The disappearance of these people has not gone unnoticed by their families.  A crowd has gathered outside the gates of the house.  Despite the fact that it is wide open, and that they are concerned about their loved ones, no one can make themselves enter the house, either.  Again, there is no physical barrier; just an inability to take that action.

Those viewers hoping for an explanation of what is happening will be disappointed.  Without spoiling whether the people ever get out or not, I will say that Bunuel never addresses what is keeping them there.  Oh sure, people have speculated on what it is.  “The hand of God” is usually the answer people go to first, since the title has “angel” in it, and since supernatural events are often the work of the gods in fiction.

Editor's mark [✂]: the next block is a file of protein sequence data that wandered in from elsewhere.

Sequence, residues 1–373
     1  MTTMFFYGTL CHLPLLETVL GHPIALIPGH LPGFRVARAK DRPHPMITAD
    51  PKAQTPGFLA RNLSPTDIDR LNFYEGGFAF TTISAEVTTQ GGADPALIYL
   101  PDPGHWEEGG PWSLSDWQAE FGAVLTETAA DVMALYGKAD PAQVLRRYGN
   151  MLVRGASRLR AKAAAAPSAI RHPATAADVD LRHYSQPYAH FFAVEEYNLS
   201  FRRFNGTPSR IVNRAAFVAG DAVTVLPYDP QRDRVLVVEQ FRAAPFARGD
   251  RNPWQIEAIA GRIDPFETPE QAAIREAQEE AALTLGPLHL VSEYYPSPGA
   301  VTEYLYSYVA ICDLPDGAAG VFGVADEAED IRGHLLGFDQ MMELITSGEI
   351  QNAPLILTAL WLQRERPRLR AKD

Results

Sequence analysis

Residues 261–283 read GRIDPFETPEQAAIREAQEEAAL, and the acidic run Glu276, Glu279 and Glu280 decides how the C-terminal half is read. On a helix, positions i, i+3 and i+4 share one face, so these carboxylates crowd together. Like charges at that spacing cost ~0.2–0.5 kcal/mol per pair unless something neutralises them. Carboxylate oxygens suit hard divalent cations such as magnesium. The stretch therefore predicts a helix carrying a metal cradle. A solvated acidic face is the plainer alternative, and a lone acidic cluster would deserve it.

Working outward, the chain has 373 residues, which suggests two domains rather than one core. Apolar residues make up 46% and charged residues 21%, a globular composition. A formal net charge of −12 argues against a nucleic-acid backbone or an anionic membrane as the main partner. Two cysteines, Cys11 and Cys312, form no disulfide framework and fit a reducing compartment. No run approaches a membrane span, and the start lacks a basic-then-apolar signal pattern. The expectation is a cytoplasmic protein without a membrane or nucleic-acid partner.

This film, or at least the main plot of people not being able to leave a room, is probably one of the best known of Bunuel’s.  It has been referenced many times in pop culture, and in things as widely separated as Woody Allen’s 2011 film Midnight in Paris where the main character suggests to Bunuel that he write just such a story – Bunuel’s reaction is a puzzled “But why can’t they leave?” – and the TV show Buffy the Vampire Slayer where all the characters find they cannot make themselves leave a house after a birthday party.  (One of the things that made that show so great was that it didn’t just reference classic monster movies for its episodes, but things from all over the creative spectrum, including this Bunuel film.)  For those who would like to see the Buffy version, it was episode 14 of Season 6, which is titled Older and Far Away.  In another nod, that title has as little to do with the episode as The Exterminating Angel has to do with Bunuel’s film.